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Characterization and Carbohydrate Specificity of Pradimicin S

Shahzad-ul-Hussan, Syed, Ghirlando, Rodolfo, Dogo-Isonagie, Cajetan I., Igarashi, Yasuhiro, Balzarini, Jan, Bewley, Carole A.
Journal of the American Chemical Society 2012 v.134 no.30 pp. 12346-12349
Human immunodeficiency virus 1, anti-infective properties, antibiotics, binding sites, calcium, glycoproteins, inhibitory concentration 50, mannose, models, nuclear magnetic resonance spectroscopy, oligomerization, trisaccharides, ultracentrifugation, water solubility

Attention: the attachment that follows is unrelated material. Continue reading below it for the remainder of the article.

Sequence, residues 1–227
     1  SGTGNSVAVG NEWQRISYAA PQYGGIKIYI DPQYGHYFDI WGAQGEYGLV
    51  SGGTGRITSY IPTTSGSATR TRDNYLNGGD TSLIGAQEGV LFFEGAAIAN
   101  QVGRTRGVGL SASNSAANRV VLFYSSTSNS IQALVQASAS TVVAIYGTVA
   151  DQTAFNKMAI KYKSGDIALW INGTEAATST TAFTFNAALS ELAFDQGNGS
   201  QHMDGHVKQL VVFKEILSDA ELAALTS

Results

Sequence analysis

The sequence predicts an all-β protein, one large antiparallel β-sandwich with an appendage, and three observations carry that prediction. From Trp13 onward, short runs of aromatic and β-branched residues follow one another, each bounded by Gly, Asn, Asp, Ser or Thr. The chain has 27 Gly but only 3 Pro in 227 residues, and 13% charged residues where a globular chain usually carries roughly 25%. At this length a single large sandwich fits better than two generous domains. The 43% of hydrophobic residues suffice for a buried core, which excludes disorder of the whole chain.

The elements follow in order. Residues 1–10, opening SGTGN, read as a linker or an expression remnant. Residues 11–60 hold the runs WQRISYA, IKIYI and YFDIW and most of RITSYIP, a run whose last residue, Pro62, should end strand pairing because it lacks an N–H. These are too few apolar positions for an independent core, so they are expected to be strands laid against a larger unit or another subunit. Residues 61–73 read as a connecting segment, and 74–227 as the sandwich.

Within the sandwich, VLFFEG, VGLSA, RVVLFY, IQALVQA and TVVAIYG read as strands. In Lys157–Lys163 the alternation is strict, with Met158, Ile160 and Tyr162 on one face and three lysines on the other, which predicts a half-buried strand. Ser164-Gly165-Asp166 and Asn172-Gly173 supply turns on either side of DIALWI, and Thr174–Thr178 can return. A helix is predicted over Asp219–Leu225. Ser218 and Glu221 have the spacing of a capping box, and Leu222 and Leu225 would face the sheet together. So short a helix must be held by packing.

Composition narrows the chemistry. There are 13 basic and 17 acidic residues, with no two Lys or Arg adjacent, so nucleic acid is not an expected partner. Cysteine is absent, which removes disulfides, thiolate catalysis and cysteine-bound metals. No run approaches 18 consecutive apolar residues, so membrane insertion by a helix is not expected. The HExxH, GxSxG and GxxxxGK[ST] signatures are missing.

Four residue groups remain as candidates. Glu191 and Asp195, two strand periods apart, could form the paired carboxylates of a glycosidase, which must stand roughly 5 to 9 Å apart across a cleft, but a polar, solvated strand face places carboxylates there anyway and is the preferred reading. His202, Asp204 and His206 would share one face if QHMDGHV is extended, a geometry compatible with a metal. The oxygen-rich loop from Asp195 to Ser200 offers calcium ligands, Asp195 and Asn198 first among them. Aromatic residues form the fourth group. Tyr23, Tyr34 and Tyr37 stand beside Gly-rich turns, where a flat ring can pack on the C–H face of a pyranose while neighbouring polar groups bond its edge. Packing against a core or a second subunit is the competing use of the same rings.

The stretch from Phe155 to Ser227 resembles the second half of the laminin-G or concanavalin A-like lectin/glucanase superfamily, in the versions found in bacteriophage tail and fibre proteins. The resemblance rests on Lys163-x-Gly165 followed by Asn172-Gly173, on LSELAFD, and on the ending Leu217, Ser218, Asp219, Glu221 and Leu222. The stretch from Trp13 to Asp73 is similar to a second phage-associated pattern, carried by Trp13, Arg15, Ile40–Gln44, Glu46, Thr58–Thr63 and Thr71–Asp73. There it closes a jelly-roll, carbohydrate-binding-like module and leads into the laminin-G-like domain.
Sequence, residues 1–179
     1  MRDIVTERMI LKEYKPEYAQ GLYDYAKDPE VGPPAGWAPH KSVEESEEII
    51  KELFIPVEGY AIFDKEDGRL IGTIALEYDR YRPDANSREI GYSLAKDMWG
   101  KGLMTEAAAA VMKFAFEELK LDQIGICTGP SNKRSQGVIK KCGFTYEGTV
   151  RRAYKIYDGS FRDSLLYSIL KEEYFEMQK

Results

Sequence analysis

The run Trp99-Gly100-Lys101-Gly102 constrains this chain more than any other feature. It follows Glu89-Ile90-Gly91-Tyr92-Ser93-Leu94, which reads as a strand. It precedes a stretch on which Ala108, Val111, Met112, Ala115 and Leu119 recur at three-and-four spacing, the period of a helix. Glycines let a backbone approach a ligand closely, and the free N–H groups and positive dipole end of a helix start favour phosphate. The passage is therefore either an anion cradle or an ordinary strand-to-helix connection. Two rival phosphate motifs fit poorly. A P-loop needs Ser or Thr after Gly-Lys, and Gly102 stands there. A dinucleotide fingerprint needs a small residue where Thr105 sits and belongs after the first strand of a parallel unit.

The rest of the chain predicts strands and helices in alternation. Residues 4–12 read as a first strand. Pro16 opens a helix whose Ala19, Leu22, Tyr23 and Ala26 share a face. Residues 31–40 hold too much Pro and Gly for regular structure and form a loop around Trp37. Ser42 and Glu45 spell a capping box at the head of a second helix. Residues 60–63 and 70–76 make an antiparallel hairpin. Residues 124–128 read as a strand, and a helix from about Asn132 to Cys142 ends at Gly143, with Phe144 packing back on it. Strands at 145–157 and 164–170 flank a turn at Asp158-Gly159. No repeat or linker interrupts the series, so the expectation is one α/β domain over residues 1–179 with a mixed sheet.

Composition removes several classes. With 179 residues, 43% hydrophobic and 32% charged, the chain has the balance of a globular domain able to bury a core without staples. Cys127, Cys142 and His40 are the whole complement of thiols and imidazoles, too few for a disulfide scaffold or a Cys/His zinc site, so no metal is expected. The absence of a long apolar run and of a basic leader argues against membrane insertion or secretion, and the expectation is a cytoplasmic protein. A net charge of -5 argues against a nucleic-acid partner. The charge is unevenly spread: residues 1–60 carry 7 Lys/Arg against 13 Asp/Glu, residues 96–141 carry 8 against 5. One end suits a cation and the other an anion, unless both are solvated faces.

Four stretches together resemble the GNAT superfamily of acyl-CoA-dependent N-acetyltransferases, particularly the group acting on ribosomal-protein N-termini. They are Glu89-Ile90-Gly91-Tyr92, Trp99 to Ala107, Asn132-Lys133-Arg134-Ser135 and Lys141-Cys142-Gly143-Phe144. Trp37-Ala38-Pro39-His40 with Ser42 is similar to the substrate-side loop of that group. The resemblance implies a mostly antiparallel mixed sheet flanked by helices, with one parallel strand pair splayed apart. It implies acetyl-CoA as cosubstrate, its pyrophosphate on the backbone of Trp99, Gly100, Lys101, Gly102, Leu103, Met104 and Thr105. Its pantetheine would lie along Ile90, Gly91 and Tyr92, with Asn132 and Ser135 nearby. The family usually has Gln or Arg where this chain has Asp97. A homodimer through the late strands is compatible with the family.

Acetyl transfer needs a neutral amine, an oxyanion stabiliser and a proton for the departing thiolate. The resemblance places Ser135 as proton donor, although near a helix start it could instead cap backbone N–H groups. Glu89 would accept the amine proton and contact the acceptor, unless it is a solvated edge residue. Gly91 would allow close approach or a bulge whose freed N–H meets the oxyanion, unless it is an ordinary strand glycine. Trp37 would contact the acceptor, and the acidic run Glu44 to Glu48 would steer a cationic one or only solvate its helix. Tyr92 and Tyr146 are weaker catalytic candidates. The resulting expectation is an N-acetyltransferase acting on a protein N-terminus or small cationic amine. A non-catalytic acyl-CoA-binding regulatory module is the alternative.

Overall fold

The pradimicin family of antibiotics is attracting attention due to its anti-infective properties and as a model for understanding the requirements for carbohydrate recognition by small molecules. Members of the pradimicin family are unique among natural products in their ability to bind sugars in a Ca²⁺-dependent manner, but the oligomerization to insoluble aggregates that occurs upon Ca²⁺ binding has prevented detailed characterization of their carbohydrate specificity and biologically relevant form. Here we take advantage of the water solubility of pradimicin S (PRM-S), a sulfated glucose-containing analogue of pradimicin A (PRM-A), to show by NMR spectroscopy and analytical ultracentrifugation that at biologically relevant concentrations, PRM-S binds Ca²⁺ to form a tetrameric species that selectively binds and engulfs the trisaccharide Manα1–3(Manα1–6)Man over mannose or mannobiose. In functional HIV-1 entry assays, IC₅₀ values of 2–4 μM for PRM-S corrrelate with the concentrations at which oligomerization occurs as well as the affinities with which PRM-S binds the HIV surface envelope glycoprotein gp120. Together these data reveal the biologically active form of PRM-S, provide an explanation for previous speculations that PRM-A may contain a second mannose binding site, and expand our understanding of the characteristics that can engender a small molecule with the ability to function as a carbohydrate receptor.